Shoot What It Feels Like, Not What It Looks Like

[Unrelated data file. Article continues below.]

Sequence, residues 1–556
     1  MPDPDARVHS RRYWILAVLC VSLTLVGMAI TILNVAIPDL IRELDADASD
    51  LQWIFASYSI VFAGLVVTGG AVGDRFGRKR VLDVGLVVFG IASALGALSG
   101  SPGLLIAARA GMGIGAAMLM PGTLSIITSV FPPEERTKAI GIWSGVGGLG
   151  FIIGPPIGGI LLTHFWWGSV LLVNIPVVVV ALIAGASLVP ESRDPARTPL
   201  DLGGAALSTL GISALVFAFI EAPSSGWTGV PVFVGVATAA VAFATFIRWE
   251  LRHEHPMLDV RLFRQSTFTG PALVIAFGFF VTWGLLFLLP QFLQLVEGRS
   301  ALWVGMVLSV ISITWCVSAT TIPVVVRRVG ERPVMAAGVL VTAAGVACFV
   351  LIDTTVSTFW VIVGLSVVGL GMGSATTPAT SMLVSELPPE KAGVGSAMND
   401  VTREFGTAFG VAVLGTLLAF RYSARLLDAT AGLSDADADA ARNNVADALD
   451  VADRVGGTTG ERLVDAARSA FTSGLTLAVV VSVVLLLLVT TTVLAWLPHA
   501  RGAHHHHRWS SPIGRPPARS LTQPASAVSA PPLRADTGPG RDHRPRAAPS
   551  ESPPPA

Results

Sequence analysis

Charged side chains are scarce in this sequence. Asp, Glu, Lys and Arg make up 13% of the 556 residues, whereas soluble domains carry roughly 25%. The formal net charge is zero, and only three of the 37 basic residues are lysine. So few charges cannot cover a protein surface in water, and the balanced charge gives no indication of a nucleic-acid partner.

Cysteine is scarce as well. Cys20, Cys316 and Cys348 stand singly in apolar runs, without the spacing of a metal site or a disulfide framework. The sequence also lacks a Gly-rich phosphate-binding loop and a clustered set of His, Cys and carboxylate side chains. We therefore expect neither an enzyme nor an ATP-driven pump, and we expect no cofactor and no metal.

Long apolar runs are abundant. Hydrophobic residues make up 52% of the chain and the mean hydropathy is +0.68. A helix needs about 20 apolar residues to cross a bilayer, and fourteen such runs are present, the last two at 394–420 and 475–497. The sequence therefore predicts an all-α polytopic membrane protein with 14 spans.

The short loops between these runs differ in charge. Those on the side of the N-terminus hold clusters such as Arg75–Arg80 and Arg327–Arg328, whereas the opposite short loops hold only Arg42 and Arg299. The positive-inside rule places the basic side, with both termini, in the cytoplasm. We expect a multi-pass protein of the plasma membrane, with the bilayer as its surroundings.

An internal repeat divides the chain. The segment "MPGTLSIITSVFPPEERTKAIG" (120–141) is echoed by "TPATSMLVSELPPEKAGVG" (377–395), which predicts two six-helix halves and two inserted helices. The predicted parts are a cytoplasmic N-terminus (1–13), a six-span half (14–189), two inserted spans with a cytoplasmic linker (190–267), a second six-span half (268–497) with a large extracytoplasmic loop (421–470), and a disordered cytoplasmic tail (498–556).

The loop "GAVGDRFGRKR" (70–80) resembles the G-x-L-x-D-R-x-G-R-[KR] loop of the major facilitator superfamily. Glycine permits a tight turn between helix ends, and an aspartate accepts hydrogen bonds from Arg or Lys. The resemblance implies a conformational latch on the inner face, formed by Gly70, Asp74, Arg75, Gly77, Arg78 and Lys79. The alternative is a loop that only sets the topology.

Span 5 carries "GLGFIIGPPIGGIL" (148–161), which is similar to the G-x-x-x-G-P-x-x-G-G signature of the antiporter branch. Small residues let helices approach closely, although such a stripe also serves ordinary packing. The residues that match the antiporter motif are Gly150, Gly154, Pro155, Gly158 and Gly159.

So I'm gonna share with you an epiphany that I've had. I've been feeling like for the last three years my work has become stale and stagnant. Not that I'm not making good photos, not that I don't love making pictures, but for the last three years I've been feeling like I'm becoming complacent, that, not that I'm phoning it in, but that the shoots were easy. And that it was time for me to go to another place with my work and with photography as a whole, and I have to always lead by example, always, I have lots of students, I teach on Creative Live, but I am always asking so much of my students to keep working hard, to keep going further, to dig deeper, but I wasn't doing that. And I hadn't taken a workshop in a really, really long time, like six or seven years. The biggest thing is that I felt like I had never made a picture that someone else would want on their walls, other than my clients. And I want you to think about that for a minute. The place I wanted to go was more of that of an...